your process of writing music to, say, a more classical tradition, where maybe a composer
goes and sits by themselves, or with a piano and really writes down their composition in
that way. In many ways, a studio and your collaboration with musicians are kind of part
of your composition process, right?
Bill: Yeah, I think about that a lot. Because recently I've actually written a couple of
things where I've just written the music, and then I give it away to somebody else,
Philip: How's it sound, when you hear it?
Bill: It's OK, but I have to say, I really... There's this thing that happens when I'm with...
I do rely on the people I'm with to add this little extra rub or something.
I've actually been struggling with this a little bit. How to maybe notate things more
precisely, or add another layer of some sort of something that I can... That there is a
way to just hand this over to someone, and have it be fully formed.
Because for me, again, the music is so much about the chemistry between the people. And
I'm so lucky to have this pretty large circle of people that I play with, that we don't
have to really talk about anything. We just sort of have an understanding. And I can write
a score looks... You know, it's...
Philip: Notes on a page.
Bill: Yeah, like a four-part thing, or whatever it is. That I could give it to a string quartet,
and they could play it or something. But, when I'm with my guys, I don't... Just all
these other things happen. I count on them to bring...
Philip: Well, and maybe it's something about that music is in such a different point in
our history. I know Eno would talk about the studio as really the new instrument, in some
way. You're maybe both referencing that, but also talking about the community of musicians.
And that dates back probably ages. But certainly in earlier eras of jazz, when Ellington would
count on Johnny Hodges, or whatever. And people would have groups of musicians that they would
come to trust, to create their sound. But then that does mean it's different than what's
just on the page. Those two things remain separate, somewhat.
Bill: Yeah. I don't know. I'm trying to figure out how to... I just heard my friend Don Byron,
who also I played at the Walker with.
Philip: Yes, you did.
Bill: And he wrote some music for piano. He wrote these Etudes for piano. And I just was
listening to this, and he really succeeded. I listened to it and it was like this is Don.
It sounds like...
Philip: You could hear Byron's sound?
Bill: Totally, yeah. And it was amazing, because it had all the stuff, you know? That he would...
When you hear his groups and you can hear how his imagination and his organization,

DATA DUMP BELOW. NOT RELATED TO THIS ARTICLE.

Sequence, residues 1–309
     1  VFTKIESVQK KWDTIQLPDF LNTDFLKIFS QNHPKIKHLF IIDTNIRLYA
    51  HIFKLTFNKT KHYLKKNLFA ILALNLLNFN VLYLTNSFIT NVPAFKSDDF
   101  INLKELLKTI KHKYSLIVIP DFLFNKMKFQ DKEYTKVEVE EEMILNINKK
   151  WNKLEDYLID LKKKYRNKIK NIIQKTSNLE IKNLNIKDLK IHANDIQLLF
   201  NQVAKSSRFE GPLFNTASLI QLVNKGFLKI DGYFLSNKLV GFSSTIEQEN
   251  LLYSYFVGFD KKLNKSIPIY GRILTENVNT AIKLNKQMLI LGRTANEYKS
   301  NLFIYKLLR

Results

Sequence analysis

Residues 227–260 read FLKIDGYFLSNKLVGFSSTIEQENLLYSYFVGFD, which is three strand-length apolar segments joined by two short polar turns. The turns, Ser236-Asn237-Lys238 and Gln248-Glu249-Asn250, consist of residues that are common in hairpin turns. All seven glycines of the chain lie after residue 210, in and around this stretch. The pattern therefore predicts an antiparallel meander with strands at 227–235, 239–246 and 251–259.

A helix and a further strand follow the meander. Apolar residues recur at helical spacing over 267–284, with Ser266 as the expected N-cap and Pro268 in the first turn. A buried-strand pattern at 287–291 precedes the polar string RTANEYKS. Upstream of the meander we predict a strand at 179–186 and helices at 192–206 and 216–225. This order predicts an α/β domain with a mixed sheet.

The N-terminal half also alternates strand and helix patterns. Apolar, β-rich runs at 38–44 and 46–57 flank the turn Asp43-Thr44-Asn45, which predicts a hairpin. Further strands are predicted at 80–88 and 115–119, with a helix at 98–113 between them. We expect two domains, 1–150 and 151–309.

and un-organization and everything.
Philip: He was able to write that into the Etudes.
Bill: Yeah, somehow he really got it. And that was his... he said that's what he was
trying, what he really wanted to notate it. And someone played it, and it was his thing.
I've been thinking about that a lot. It's... I hope I can get to that at some point.
Philip: This notion of communities. It's one of things that I've also admired about. You've
seemed, throughout your career, to surround yourself with groups of artists who you build
really long-lasting bonds with. But they flow in and out of your different recordings, and
your different touring bands. In some ways, they seem to be at three different levels.
Some are legends who you have admired as a young person. I mean, your trios with Paul
Motion, Ron Carter, and the trio with Paul Motion and Joe Levano, and things. And then
others are peer level.
But there's also a group of younger players who, it seems, and Aven may have been part
of that. But Jenny Shineman, and others in the Seattle scene. Who you've really brought,
in many ways, to the public's attention. Or at least to mine. I was introduced to their
music. Some have gone on and continued to do their own things, and stuff.
Do you seek out players who you feel, sometimes, deserve a greater visibility? And you're intrigued
by their approach, but by having them join you you can not only build that community,
but you can also help focus some attention on these talents that haven't been recognized
as much?
Bill: I mean, I'm not really thinking about that at all. It's just, again, it's in the
world, and I'll hear somebody, I just want to play with them.
Philip: You'll hear them at a club, or on a record, or something like that?
Bill: Or we meet. There's always somebody that I want to just... It's more like I want
to learn from them. I'm not trying to...
Philip: Do anything for them, or...
Bill: It's total selfish, you know. I'm just looking to learn something from them. Yeah.
I've just been... I feel so lucky. Being in this, whatever is going on with this.
Philip: Well, I think it's your openness to hearing new things and new folks. Something